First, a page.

The Malik Report
by George Malik on 04/22/12 at 12:56 AM ET
Red Wings fans, here’s a “pro tip”: familiarize yourself with Capgeek.com’s Red Wings salary cap chart. Under both the economic constraints of this CBA and the one which will hopefully be negotiated without any sort of lockout on the owners’ parts, the Wings will remain tied to the some of the decisions their management team has made going forward, and between the fact that the Wings will not tear themselves down to rebuild (would you pay to watch the Detroit Red Wings tank it for a year or three for the promise of something better half a decade from now? Me, neither) and the fact that the Wings believe in their prospects’ potential, it’s hard to believe that Ken Holland, Jim Nill, Mike Babcock, the team’s pro scouts and player mentors will sit down over the course of the next month and agree that the team needs to pawn off half a dozen players, tell Nick Lidstrom to retire (the CBC’s Elliotte Friedman told the Satellite Hotstove panel, at the 8:09 mark, that he believes Lidstrom may retire due to familial reasons as Holmstrom will retire and Lidstrom’s 2nd-oldest will go to Sweden to play hockey) and go wild in terms of making tons of trades and free agent signings.
The Red Wings’ GM seems to suggest that a combination of cautious decision-making, prospect promotions and perhaps a significant tweak or two might be all that’s in the offing for the Wings this summer in his first comments of the off-season, made to MLive’s Ansar Khan, but he is lock-step in his agreement with coach Babcock regarding his team’s relative depth:
“We definitely were not as deep as we have been in the past,’’ Holland said on Saturday. “We’ve got to figure out a way to get some of our depth back. We’ll explore the free-agent market, we’ll move in two or three kids, we’ll explore trades at the draft, like we always do. But at the end of the day, this (salary-cap) system is about methodically doing your work. Over the summer, we got to make some moves. But you can’t overhaul your team when you got (Pavel) Datsyuk, (Henrik) Zetterberg, (Niklas) Kronwall. We got pieces to build around.’‘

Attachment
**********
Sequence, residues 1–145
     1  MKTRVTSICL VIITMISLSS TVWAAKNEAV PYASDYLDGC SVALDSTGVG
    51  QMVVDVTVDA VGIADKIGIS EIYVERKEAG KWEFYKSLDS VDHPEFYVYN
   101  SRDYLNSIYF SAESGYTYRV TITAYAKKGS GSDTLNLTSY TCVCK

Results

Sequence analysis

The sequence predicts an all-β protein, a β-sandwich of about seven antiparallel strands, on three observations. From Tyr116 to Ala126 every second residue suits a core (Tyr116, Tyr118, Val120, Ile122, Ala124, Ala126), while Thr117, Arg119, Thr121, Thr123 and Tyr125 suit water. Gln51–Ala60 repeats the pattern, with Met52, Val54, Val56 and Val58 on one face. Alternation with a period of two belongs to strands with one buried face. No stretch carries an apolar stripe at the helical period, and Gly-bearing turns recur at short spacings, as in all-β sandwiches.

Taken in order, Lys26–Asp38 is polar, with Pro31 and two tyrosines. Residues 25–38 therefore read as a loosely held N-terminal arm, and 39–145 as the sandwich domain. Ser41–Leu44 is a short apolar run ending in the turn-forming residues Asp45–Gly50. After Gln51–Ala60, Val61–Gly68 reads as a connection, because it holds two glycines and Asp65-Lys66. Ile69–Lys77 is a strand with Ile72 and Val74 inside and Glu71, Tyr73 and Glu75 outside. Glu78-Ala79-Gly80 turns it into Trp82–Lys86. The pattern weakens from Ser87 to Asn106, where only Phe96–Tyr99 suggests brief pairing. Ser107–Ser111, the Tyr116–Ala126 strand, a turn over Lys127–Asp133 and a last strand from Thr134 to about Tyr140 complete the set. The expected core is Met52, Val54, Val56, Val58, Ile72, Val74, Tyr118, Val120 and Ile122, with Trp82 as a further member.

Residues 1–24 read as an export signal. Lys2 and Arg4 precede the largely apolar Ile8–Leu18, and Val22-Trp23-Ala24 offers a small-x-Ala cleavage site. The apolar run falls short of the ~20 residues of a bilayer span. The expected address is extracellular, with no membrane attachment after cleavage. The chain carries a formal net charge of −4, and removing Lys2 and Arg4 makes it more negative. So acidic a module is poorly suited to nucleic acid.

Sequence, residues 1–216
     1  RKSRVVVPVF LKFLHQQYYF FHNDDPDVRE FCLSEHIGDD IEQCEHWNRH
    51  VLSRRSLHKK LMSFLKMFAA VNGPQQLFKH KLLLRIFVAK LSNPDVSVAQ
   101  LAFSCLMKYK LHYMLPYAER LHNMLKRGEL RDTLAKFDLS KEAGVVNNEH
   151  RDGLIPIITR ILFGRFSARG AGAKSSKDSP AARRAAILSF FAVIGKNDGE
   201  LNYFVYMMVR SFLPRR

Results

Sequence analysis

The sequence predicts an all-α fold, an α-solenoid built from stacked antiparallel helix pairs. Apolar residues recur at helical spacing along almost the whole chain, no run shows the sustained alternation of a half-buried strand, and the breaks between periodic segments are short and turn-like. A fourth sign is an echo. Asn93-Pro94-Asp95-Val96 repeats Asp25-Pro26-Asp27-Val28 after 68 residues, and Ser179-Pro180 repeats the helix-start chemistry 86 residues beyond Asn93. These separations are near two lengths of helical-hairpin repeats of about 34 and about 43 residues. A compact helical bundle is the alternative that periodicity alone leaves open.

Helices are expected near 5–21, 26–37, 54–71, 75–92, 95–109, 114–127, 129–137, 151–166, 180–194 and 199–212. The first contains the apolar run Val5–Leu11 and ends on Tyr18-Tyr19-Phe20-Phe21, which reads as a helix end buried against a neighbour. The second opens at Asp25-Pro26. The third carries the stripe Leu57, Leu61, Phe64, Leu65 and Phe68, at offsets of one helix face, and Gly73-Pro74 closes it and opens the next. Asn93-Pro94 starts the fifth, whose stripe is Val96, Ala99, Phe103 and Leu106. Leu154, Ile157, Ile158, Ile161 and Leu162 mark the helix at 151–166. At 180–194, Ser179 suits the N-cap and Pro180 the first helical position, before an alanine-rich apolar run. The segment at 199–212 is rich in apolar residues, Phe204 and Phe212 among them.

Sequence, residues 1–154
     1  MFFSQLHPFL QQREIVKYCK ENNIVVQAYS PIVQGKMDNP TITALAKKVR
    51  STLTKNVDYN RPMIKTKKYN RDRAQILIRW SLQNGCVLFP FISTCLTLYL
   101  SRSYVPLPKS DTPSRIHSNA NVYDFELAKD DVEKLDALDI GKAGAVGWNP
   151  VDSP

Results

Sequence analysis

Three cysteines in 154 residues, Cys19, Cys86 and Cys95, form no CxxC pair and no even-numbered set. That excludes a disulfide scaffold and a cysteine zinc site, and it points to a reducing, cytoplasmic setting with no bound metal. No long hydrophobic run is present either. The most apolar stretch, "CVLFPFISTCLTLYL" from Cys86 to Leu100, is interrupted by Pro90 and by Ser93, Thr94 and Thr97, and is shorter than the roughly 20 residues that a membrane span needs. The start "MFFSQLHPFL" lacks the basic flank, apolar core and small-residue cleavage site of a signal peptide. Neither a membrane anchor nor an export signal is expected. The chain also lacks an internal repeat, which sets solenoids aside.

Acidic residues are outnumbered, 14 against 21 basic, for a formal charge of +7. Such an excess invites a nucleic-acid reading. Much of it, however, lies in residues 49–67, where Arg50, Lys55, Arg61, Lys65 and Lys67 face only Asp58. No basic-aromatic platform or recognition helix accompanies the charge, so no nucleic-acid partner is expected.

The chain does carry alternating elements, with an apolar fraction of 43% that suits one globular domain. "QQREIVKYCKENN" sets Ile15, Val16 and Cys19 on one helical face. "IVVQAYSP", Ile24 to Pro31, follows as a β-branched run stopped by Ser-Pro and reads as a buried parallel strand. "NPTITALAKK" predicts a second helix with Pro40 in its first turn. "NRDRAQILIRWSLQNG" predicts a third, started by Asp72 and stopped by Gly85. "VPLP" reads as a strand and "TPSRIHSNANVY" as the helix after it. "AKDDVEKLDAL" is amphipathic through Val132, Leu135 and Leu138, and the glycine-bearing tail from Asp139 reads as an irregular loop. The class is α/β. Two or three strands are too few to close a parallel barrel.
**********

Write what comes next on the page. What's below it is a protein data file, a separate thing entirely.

As Khan suggests, we pretty much know that Brad Stuart will leave to play closer to his San Jose-based family, Tomas Holmstrom may have been on his last legs, even the “experts” and people who are around the team on a very, very regular basis have no idea if Nicklas Lidstrom will return, and the fact that the team chose not to make any real public efforts to suggest that they’ll retain Jiri Hudler leaves his status up in the air as well, but even if Lidstrom leaves, that doesn’t mean that the team will go out and make massive forays into the free agent market, even if Ryan Suter or Zach Parise become available (and that’s not guaranteed):
“We’ve got some cap space, but there’s got to be somebody to sign,’’ Holland said. “Even if you get one or two players in unrestricted free agency, you need four lines. You can’t just make two signings in the summer and go on a long playoff run. This is a team sport. … We got some good pieces, but we’re not quite as deep.’‘
Holland likes his nucleus, which includes Datsyuk, Zetterberg, Johan Franzen, Valtteri Filppula and Danny Cleary up front and Kronwall on defense.
The Wings can’t really move Franzen, so they’re stuck with him. I do think that he’s still got room for improvement and I think that he’s going to be challenged to at least embrace a role as a better-skating sniper, but he’s not going anywhere.